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Gut 49:443-453 doi:10.1136/gut.49.3.443
  • Review

Cyclooxygenase 2—implications on maintenance of gastric mucosal integrity and ulcer healing: controversial issues and perspectives

  1. F HALTER,
  2. A S TARNAWSKI
  1. VA Medical Center, Long Beach
  2. University of California Irvine, California, USA
  3. Gastrointestinal Unit, University of Berne
  4. Inselspital, Berne, Switzerland
  5. Department of Experimental Clinical Medicine
  6. Ruhr-University, Bochum, Germany
  1. Dr F Halter, or Dr A S Tarnawski, Gastroenterology Section (111G), DVA Medical Center, Long Beach, CA 5901 E Seventh Street, Long Beach, CA 90822, USA. Fhalter{at}freesurf.ch or atarnawski{at}yahoo.com
  1. A SCHMASSMANN
  1. VA Medical Center, Long Beach
  2. University of California Irvine, California, USA
  3. Gastrointestinal Unit, University of Berne
  4. Inselspital, Berne, Switzerland
  5. Department of Experimental Clinical Medicine
  6. Ruhr-University, Bochum, Germany
  1. Dr F Halter, or Dr A S Tarnawski, Gastroenterology Section (111G), DVA Medical Center, Long Beach, CA 5901 E Seventh Street, Long Beach, CA 90822, USA. Fhalter{at}freesurf.ch or atarnawski{at}yahoo.com
  1. B M PESKAR
  1. VA Medical Center, Long Beach
  2. University of California Irvine, California, USA
  3. Gastrointestinal Unit, University of Berne
  4. Inselspital, Berne, Switzerland
  5. Department of Experimental Clinical Medicine
  6. Ruhr-University, Bochum, Germany
  1. Dr F Halter, or Dr A S Tarnawski, Gastroenterology Section (111G), DVA Medical Center, Long Beach, CA 5901 E Seventh Street, Long Beach, CA 90822, USA. Fhalter{at}freesurf.ch or atarnawski{at}yahoo.com

    Abstract

    Cyclooxygenase (COX), the key enzyme for synthesis of prostaglandins, exists in two isoforms (COX-1 and COX-2). COX-1 is constitutively expressed in the gastrointestinal tract in large quantities and has been suggested to maintain mucosal integrity through continuous generation of prostaglandins. COX-2 is induced predominantly during inflammation. On this premise selective COX-2 inhibitors not affecting COX-1 in the gastrointestinal tract mucosa have been developed as gastrointestinal sparing anti-inflammatory drugs. They appear to be well tolerated by experimental animals and humans following acute and chronic (three or more months) administration. However, there is increasing evidence that COX-2 has a greater physiological role than merely mediating pain and inflammation. Thus gastric and intestinal lesions do not develop when COX-1 is inhibited but only when the activity of both COX-1 and COX-2 is suppressed. Selective COX-2 inhibitors delay the healing of experimental gastric ulcers to the same extent as non-COX-2 specific non-steroidal anti-inflammatory drugs (NSAIDs). Moreover, when given chronically to experimental animals, they can activate experimental colitis and cause intestinal perforation. The direct involvement of COX-2 in ulcer healing has been supported by observations that expression of COX-2 mRNA and protein is upregulated at the ulcer margin in a temporal and spatial relation to enhanced epithelial cell proliferation and increased expression of growth factors. Moreover, there is increasing evidence that upregulation of COX-2 mRNA and protein occurs during exposure of the gastric mucosa to noxious agents or to ischaemia-reperfusion. These observations support the concept that COX-2 represents (in addition to COX-1) a further line of defence for the gastrointestinal mucosa necessary for maintenance of mucosal integrity and ulcer healing.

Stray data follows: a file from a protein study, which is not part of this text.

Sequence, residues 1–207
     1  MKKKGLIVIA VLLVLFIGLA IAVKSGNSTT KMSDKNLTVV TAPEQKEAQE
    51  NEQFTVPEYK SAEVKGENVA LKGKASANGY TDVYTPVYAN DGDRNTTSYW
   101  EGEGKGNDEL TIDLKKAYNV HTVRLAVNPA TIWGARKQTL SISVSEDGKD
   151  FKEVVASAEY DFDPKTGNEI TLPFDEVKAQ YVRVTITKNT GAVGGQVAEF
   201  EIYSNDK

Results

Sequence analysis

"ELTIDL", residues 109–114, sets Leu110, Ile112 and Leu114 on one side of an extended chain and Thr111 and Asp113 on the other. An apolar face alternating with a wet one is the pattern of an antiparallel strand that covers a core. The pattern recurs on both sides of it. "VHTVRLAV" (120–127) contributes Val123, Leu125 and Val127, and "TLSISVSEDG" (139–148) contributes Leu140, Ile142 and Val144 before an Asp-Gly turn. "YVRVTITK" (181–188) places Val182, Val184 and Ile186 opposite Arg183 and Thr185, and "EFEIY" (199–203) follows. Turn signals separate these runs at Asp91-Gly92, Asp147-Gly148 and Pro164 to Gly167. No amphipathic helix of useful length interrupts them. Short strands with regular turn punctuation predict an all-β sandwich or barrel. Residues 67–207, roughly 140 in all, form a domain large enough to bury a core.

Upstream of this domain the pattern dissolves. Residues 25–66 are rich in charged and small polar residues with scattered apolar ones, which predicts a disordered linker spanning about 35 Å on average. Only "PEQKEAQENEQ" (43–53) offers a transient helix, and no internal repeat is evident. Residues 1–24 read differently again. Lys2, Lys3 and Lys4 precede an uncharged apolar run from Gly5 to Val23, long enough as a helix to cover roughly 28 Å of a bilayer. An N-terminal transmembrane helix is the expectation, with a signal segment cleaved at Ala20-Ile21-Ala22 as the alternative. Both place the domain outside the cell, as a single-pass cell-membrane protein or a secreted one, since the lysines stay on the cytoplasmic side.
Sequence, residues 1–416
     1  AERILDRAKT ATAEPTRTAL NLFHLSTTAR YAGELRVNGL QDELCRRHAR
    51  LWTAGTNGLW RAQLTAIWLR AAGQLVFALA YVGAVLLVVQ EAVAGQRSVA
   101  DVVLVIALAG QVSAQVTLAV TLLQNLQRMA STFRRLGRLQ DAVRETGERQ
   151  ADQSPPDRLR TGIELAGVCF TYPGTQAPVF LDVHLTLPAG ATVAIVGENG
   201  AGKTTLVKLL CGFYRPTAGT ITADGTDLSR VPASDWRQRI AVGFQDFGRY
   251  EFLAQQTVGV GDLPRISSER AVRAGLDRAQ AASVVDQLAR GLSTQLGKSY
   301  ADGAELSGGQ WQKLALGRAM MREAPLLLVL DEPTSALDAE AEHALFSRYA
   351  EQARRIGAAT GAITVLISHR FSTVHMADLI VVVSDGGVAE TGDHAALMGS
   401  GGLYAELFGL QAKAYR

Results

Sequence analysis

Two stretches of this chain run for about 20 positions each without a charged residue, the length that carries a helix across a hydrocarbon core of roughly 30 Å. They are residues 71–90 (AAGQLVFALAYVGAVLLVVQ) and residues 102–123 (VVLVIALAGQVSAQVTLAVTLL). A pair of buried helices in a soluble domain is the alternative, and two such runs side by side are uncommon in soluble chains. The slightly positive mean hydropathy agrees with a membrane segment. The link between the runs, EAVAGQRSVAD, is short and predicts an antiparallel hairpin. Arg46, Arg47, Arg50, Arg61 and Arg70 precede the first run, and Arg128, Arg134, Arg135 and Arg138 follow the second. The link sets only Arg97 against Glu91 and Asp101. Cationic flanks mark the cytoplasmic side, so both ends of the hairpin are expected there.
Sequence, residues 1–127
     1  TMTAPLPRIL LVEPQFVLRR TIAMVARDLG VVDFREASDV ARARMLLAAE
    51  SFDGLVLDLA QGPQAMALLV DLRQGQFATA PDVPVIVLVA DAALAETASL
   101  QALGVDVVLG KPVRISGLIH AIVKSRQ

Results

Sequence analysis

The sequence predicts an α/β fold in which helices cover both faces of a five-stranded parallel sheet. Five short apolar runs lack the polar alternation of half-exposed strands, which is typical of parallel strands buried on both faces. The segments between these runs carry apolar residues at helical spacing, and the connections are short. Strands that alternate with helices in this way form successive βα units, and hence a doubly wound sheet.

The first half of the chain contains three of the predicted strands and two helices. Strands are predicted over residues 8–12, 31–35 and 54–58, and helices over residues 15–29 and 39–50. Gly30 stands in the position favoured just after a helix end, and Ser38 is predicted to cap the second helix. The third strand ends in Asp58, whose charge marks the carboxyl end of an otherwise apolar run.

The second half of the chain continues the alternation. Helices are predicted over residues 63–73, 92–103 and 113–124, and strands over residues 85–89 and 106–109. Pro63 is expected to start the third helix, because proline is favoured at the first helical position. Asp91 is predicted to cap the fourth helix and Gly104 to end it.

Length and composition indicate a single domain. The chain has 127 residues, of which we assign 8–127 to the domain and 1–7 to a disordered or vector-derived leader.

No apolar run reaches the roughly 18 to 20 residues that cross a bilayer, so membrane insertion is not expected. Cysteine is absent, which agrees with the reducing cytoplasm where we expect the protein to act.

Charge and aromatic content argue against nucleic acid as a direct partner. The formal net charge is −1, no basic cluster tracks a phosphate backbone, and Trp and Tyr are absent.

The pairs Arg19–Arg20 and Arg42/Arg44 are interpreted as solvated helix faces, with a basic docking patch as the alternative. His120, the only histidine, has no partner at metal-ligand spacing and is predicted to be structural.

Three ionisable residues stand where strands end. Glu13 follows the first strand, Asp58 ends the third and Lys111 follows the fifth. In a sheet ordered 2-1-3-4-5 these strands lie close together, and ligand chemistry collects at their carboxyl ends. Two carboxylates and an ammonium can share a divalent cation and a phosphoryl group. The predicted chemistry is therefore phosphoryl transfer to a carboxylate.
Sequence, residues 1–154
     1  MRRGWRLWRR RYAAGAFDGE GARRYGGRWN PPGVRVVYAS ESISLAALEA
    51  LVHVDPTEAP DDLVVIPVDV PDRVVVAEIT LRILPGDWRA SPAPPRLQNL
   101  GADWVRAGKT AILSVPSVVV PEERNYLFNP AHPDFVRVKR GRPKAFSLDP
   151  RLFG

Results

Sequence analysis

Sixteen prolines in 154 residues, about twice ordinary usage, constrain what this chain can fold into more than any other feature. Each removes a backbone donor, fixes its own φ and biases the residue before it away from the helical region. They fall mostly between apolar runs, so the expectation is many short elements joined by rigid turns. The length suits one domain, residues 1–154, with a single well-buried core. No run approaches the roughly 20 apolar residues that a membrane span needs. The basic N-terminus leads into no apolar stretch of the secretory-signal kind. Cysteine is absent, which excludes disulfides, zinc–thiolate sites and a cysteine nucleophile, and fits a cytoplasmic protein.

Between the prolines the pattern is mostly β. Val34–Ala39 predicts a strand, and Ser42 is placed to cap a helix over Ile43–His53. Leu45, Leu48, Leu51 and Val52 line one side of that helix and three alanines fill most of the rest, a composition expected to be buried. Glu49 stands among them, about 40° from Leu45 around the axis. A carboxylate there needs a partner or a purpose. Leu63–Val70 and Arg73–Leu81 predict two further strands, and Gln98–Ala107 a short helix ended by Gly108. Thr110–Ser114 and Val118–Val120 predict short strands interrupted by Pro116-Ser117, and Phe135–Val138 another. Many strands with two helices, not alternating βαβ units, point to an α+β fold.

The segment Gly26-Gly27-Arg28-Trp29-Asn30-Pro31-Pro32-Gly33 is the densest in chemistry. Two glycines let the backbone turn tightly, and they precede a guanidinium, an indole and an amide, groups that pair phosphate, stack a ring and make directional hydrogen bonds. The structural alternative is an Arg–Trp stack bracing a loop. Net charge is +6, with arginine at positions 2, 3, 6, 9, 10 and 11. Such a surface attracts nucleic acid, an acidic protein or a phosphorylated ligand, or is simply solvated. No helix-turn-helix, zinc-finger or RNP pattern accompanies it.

Footnotes

    • Abbreviations used in this paper:
      COX
      cyclooxygenase
      NSAID
      non-steroidal anti-inflammatory drug
      PGE2
      prostaglandin E2
      NO
      nitric oxide
      bFGF
      basic fibroblast growth factor
      BrdU
      bromodeoxyuridine
      ERK-2
      extracellular signal regulated kinase 2